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Carolina. Mr. Jefferson himself, the author of the “ Declaration,” took his seat under credentials duly approved by the General Assembly of Virginia. The members from the city and county of New York produced certificates, that they had been chosen “by duly certified polls.” Other counties in New York sent delegates, and in two of them, at least, Orange and Westchester, it seems that only freeholders " voted, after the manner of the old elections. And it was undoubtedly the general rule throughout the country, that in choosing members of conventions, provincial congresses,

or committees for appointing delegates to the Continental Congress, only those were allowed to act who were regularly qualified to vote according to the standing laws or practice of each Colony. Exceptions there may have been in some cases, under very pressing emergencies, when business was transacted in great haste, or under great excitement ; but the general rule was unquestionably as we have stated.

We will not weary the patience of our readers by adducing further evidence to show, that the spirit of the American Revolution is directly opposed to the pretensions and the conduct of the insurgent party in Rhode Island. We feel as if it were an insult to the memory of the patriots who achieved our independence, to pursue the comparison that we have here instituted. It is necessary to go to the history of other countries, or to some later and more mournful passages in our own annals, to find a fit parallel to the proceedings of the Suffrage party. We find one in the disgraceful and terrific scenes of the earlier part of the French Revolution, when all France groaned under the tyranny of the mob of Paris and its environs, when constitutions were made, sworn to, and abrogated, as if they were the playthings of an hour, and when the pernicious doctrines of Jacobinism were first preached to the world, and enforced by the pike, the bayonet, and the guillotine. Illegal assemblies usurped the character and office of duly appointed legislatures. Unauthorized clubs overawed the government, and the reign of terror susperseded that of order and law. The theory, that any collection of individuals may assume the name of “the people," may pursue their ends by means of intimidation and force, and mould the constitution of the state to their own will, was there carried out and illustrated in a way equally shocking to reason and humanity.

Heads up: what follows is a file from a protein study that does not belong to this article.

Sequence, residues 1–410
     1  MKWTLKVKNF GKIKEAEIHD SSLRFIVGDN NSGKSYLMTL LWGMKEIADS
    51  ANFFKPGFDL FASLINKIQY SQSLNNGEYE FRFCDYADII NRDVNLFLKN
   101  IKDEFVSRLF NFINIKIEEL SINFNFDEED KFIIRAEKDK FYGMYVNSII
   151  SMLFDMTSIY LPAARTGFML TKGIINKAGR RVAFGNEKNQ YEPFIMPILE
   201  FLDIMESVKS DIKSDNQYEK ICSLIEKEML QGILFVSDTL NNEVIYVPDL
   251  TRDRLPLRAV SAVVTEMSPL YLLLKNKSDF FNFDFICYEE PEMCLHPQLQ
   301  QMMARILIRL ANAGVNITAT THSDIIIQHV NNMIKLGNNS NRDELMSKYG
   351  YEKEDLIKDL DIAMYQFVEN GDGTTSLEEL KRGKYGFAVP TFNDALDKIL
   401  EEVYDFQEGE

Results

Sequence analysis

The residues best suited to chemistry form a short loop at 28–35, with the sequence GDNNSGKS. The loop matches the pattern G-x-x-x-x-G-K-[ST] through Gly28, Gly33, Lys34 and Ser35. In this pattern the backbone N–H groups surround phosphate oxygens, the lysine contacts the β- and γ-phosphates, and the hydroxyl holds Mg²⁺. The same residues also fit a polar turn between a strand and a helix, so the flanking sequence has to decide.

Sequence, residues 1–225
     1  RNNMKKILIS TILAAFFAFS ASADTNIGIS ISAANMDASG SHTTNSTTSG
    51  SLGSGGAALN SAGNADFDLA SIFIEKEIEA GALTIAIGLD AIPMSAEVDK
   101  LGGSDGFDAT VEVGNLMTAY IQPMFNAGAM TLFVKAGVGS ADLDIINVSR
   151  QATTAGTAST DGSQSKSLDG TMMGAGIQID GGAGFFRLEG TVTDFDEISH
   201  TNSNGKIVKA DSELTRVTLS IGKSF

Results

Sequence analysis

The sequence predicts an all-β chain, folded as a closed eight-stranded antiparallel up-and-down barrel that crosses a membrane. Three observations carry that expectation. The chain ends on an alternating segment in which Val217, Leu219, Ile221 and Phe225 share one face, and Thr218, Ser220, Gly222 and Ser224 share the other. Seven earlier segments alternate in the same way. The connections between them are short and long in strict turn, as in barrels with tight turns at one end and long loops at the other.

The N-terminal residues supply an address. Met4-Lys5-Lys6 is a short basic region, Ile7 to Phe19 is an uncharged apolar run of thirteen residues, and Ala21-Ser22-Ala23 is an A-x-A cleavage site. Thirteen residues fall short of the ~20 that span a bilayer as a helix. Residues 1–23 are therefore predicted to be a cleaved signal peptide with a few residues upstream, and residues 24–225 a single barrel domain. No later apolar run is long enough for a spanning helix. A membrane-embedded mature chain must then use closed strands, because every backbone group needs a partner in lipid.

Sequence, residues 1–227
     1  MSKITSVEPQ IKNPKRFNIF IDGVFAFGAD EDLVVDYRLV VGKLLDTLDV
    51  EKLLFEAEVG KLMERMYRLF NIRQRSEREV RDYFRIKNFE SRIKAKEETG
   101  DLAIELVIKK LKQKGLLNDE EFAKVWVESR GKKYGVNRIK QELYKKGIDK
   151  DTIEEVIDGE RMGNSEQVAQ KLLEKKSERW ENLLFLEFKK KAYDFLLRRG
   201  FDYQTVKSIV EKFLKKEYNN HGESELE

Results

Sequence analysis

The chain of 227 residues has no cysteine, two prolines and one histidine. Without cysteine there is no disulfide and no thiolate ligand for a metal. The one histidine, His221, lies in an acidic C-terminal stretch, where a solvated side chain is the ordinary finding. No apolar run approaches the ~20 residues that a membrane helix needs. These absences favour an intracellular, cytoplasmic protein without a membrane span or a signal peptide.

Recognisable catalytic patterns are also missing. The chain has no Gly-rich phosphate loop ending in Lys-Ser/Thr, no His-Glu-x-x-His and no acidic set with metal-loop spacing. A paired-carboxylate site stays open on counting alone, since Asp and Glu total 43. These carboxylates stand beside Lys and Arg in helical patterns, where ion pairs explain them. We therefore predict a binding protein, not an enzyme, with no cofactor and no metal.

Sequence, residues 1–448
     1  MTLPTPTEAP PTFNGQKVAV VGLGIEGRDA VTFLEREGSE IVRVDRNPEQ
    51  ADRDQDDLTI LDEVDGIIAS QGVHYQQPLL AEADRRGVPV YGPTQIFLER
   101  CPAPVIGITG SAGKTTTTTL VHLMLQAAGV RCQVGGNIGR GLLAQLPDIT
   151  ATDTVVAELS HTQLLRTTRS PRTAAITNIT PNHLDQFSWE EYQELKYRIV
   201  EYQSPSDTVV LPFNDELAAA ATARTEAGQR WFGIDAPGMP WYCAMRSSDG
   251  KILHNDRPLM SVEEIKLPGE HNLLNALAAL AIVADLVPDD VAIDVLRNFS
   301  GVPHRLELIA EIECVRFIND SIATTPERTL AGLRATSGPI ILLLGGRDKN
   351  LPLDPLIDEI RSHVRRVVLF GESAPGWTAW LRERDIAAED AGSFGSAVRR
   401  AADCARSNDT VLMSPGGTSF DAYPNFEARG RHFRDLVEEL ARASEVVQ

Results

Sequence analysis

Since the separation of this country from England, there have been three formidable revolts against the authority of the established government, each of which caused great terror and excitement at the time, but was finally subdued by a large military force, with little bloodshed,

and a signal display of clemency towards the vanquished. The first was the Shays rebellion in Massachusetts, in 1786 ; the second was the " whiskey insurrection,” in 1794, in the western part of Pennsylvania ; and the third was the rebellion that we have now been considering. Of these three, the last was far the most flagitious, as it was unprovoked by any practical grievance, and not palliated by any distress in the circumstances of the insurgent population. It was a causeless revolt, not incited by the weight of heavy taxation, not growing out of conmercial distress, nor nurtured by the destitution and misery of the disaffected classes. In every respect but this, the rebellion first mentioned affords a remarkable parallel to it. The closest resemblance exists between the iwo, in regard to the character and numbers of the rebels, the doctrines that they advanced, and the means by which they were suppressed.

The disturbances in Massachusetts grew out of the sick and exhausted condition of the whole country at the close of the Revolutionary war. Public and private debts existed to an enormous amount, agriculture and commerce stagnated, taxation was heavy, and distress was universal. At this time, Shays and his associates undertook to shut up the courts by violence, and to intimidate the government into the adoption of their unjust and arbitrary measures.